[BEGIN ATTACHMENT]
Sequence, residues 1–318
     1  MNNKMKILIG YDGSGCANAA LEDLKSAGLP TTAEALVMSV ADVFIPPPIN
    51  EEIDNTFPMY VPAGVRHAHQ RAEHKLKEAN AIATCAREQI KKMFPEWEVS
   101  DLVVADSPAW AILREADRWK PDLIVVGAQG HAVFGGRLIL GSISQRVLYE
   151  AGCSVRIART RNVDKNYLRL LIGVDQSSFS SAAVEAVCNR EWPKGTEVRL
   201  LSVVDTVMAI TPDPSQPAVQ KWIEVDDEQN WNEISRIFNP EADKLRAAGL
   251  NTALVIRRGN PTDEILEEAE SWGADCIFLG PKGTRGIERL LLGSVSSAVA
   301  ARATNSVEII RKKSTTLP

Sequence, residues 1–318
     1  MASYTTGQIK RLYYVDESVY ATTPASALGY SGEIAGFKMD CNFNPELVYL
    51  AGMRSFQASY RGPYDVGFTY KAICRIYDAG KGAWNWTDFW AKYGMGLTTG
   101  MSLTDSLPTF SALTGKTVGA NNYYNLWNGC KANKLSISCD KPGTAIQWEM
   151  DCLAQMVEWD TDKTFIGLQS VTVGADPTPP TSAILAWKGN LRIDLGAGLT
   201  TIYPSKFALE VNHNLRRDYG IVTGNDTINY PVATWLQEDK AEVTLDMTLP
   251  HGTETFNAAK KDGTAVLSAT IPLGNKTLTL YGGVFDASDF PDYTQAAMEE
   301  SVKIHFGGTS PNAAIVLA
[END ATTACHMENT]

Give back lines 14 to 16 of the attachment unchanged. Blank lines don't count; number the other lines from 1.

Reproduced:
   201  TIYPSKFALE VNHNLRRDYG IVTGNDTINY PVATWLQEDK AEVTLDMTLP
   251  HGTETFNAAK KDGTAVLSAT IPLGNKTLTL YGGVFDASDF PDYTQAAMEE
   301  SVKIHFGGTS PNAAIVLA